Nearly half of UK adults still write down their online passwords and almost a sixth use their pet's name to "protect" their web accounts, according to new research which also revealed the top 10 most popular passwords.
Google Apps surveyed 2,000 web users and found that risky behaviour in relation to protecting online identities is still prevalent, despite knowledge of regular and high profile hacking attempts across websites.
Wedding anniversaries, dates of birth for close relations, and the name of a child were also among the most common passwords chosen by users. Old favourite "Password" featured in the top ten codewords used by those Google surveyed.
Intriguingly, 10 per cent of those surveyed admitted to guessing a work colleague’s password to gain access to their accounts.
And nearly half (48 per cent) have shared their passwords with someone else. Women are more likely to share their password than men, and over twice as likely to share it with their child, revealed the Google research.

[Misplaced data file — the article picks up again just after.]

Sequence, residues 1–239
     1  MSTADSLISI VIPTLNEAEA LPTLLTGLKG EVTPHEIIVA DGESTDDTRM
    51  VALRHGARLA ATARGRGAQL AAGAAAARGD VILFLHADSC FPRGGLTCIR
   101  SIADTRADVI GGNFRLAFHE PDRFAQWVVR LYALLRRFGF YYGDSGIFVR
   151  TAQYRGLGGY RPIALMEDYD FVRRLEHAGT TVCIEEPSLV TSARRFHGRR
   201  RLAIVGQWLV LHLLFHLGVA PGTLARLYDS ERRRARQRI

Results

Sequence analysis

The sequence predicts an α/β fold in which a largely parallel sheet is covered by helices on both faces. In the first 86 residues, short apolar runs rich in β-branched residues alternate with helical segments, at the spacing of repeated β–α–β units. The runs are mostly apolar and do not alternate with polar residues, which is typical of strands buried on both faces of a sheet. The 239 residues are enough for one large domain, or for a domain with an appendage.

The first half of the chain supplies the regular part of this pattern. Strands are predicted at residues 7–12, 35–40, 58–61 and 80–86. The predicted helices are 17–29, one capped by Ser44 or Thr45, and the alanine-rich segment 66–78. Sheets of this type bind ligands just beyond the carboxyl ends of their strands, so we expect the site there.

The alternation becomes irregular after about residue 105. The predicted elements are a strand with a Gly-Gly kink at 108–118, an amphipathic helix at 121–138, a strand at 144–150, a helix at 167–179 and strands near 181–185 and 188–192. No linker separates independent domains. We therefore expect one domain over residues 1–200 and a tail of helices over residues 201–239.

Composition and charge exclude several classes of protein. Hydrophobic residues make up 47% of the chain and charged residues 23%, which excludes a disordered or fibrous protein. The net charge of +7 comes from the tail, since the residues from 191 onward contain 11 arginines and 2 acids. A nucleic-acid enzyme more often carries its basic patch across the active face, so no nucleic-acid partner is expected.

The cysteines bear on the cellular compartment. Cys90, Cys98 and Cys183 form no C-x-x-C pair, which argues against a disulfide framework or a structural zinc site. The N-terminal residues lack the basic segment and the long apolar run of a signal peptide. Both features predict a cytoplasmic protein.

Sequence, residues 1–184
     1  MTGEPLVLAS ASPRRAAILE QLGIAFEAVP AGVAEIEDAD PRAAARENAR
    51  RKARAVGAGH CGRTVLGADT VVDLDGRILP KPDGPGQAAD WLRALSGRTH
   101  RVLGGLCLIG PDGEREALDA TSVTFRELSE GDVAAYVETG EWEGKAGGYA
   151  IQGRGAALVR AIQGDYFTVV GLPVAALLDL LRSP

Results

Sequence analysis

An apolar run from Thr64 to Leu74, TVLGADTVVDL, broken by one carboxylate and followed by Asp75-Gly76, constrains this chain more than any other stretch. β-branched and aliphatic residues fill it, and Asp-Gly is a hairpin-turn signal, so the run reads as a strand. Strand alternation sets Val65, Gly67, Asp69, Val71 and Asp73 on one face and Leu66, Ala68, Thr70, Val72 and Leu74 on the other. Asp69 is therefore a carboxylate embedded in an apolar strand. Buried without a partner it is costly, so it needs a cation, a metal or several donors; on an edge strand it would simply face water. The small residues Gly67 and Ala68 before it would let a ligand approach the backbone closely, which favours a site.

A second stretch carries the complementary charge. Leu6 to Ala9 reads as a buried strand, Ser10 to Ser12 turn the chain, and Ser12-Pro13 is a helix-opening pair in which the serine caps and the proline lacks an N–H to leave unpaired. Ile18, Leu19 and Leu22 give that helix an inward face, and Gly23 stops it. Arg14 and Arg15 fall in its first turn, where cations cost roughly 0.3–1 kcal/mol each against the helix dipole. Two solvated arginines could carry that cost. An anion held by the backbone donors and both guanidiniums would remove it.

Eran Feigenbaum, director of security at Google Apps, said, "Lax attitudes to online security can lead to serious consequences if strangers access your information.
"Simple steps such as choosing more complicated passwords, always logging out of services and considering two-factor authentication - which requires more than just a password to access your account - can make a real difference to your security online.”
The top ten passwords (Source: Google Apps)
1) Pet’s name
2) Significant dates (like a wedding anniversary)
3) Date of birth of close relation
4) Child’s name
5) Other family member’s name
6) Place of birth
7) Favourite holiday
8) Something related to favourite football team
9) Current partner’s name
10) The word "password"
So, passwords are weak. What's replacing them? We've taken a look where security technology is heading.
Passwords have consistently been identified as the weak link in modern security, costing hacks on everyday users right up to large corporations. The Evernote data breach earlier this year was a worthy case in point, when we analysed what needs to be done to replace traditional passwords and tighten security.